One of the most beautiful of warblers is the Blackburnian Warlber, and this morning one has returned to my backyard. An amazing little bundle of joy, this Warbler has taken the treacherous trip all the way from South America to breed up here in northern Minnesota. This bird is numerous in the winter in the country of Ecuador – it is truly incredible to me that they take this trip 2 times every year – and they survive to tell about it! In the spring this bird will take a non-stop trip across the Gulf of Mexico, a distance of 500 miles, to end up on the Texas coast. Then they make their way across the US dodging sky scrapers and radio towers to make their nests in the spruce trees of the northern US and Canada. In the fall they again take the trip back to South America.
This winter has seen an obvious lack of winter finches like the Pine Grosbeak that usually invade our northern bird feeders this time of year.
The main reason being that there is a hardy crop of cones and berries up north in Canada. The finches will follow the abundant seed crops until they are depleted, then they will descend on the bird feeders.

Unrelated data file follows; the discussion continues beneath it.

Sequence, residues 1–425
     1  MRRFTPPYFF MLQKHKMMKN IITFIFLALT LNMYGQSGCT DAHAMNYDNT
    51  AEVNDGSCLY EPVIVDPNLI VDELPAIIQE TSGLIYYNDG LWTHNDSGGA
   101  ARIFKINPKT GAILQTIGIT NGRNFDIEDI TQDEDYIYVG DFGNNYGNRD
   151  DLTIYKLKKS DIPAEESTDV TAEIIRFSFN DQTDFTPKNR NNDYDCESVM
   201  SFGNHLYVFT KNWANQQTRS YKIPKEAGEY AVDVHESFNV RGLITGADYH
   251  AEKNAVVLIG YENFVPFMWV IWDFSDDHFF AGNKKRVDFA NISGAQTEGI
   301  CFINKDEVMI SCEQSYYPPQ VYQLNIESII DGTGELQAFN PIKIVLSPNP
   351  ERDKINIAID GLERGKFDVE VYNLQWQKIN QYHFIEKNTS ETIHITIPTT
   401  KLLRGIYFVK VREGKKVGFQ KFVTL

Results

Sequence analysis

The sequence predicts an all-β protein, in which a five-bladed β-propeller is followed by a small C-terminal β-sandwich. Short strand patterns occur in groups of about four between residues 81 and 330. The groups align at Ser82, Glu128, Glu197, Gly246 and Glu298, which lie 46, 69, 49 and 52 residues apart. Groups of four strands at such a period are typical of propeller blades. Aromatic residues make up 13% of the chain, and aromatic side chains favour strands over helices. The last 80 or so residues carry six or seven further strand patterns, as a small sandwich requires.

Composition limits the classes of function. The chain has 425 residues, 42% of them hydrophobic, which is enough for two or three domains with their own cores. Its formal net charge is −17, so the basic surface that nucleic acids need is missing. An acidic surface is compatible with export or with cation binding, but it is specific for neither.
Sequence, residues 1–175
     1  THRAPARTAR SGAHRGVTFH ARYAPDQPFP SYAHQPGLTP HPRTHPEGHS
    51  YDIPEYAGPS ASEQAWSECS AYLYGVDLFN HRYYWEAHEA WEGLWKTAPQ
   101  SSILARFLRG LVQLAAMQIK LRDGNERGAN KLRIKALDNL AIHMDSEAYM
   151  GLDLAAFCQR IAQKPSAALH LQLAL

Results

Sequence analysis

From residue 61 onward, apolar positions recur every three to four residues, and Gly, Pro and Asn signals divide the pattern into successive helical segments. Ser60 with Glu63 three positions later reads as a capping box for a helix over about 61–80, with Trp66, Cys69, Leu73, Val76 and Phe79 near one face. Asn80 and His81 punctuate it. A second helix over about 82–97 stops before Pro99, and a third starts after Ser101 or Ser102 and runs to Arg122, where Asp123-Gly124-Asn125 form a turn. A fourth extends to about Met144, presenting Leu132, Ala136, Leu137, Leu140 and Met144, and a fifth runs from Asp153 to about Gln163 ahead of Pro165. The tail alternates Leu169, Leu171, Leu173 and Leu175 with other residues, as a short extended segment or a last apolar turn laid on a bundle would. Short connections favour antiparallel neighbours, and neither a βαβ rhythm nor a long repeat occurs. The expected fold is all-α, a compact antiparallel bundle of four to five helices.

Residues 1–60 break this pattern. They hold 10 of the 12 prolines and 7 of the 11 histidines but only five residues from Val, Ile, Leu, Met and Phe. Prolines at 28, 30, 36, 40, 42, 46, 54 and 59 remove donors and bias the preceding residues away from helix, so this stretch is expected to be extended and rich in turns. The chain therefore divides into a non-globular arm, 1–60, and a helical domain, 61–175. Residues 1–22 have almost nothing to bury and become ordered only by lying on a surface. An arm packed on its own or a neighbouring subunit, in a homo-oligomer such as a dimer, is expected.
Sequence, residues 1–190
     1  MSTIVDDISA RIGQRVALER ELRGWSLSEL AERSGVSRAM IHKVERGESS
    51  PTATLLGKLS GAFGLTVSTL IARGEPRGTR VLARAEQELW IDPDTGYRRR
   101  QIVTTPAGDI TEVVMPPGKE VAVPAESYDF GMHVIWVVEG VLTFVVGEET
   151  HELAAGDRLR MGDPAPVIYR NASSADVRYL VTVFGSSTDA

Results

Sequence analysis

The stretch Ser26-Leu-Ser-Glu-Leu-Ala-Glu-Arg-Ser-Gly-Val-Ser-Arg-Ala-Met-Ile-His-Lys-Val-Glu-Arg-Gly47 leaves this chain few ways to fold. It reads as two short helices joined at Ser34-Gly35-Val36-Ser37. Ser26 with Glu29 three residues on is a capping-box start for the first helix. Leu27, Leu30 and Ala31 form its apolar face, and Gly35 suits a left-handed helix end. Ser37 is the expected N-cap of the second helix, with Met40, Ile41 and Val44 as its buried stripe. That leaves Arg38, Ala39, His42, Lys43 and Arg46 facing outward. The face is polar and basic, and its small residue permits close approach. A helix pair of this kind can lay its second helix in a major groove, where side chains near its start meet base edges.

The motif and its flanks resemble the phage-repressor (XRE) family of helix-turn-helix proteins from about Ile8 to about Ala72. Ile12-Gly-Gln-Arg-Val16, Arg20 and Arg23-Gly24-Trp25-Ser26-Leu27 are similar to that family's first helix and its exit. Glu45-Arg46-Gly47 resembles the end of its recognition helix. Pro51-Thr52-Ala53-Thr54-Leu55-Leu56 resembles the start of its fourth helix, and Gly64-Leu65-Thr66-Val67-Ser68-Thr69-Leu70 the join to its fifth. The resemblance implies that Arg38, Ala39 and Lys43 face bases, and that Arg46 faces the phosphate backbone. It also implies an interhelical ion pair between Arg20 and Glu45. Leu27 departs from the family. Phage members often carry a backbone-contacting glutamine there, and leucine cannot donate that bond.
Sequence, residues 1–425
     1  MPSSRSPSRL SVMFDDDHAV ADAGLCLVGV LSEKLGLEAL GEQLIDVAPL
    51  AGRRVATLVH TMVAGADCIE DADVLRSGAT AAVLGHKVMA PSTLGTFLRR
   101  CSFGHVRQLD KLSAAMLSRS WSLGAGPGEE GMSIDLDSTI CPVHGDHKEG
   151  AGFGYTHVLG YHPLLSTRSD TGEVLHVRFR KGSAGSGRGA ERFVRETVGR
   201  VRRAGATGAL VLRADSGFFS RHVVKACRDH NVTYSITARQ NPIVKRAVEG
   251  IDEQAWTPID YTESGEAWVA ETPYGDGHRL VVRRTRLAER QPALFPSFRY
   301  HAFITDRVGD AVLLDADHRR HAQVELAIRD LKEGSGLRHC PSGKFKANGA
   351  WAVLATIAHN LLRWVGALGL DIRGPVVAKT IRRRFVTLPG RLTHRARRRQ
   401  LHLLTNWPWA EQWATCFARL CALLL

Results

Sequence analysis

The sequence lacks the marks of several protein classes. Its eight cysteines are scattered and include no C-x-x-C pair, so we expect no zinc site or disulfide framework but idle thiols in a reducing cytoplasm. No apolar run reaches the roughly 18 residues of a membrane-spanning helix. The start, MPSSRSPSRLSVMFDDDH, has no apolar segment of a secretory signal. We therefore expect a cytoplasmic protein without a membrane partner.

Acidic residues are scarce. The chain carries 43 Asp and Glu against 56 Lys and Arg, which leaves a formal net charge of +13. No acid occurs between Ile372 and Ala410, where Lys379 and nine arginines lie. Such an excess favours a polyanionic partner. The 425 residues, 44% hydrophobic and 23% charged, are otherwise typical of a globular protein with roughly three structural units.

Here is a link to the Winter Finch Forecast 2019-2020: http://www.jeaniron.ca/2019/wff19.htm
can you see the bird?
There really was one there!
This cryptic little bird is a rarely seen resident in Minnesota.
Minnesota has only one species of Sapsucker, the yellow-bellied. The Sapsucker in the above photo is a juvenile, he lacks the red cap and red throat of the adult male.
This photo shows why the bird gets the name yellow-bellied – although on this young bird its more of a yellow “wash”.
I’ve never seen a Sapsucker on the peanut feeder before. I hope he gets the message and moves along down south where his relatives spend the winter. Although very rarely a Sapsucker may winter over in Minnesota, most go to Central America for the winter.
Crane Lake is an outpost so to speak, it is the jumping off point for many fishing and canoe trips to the BWCAW, Quetico Provincial Park, and Canada. It was once noted as the busiest seaplane base in the world. That is no longer the case as the customs office in Crane Lake has now closed. Travelers and pilots check into the US by logging in to iPads and accessing the CDP website. Crane Lake is also the southern entrance to Voyageurs National Park.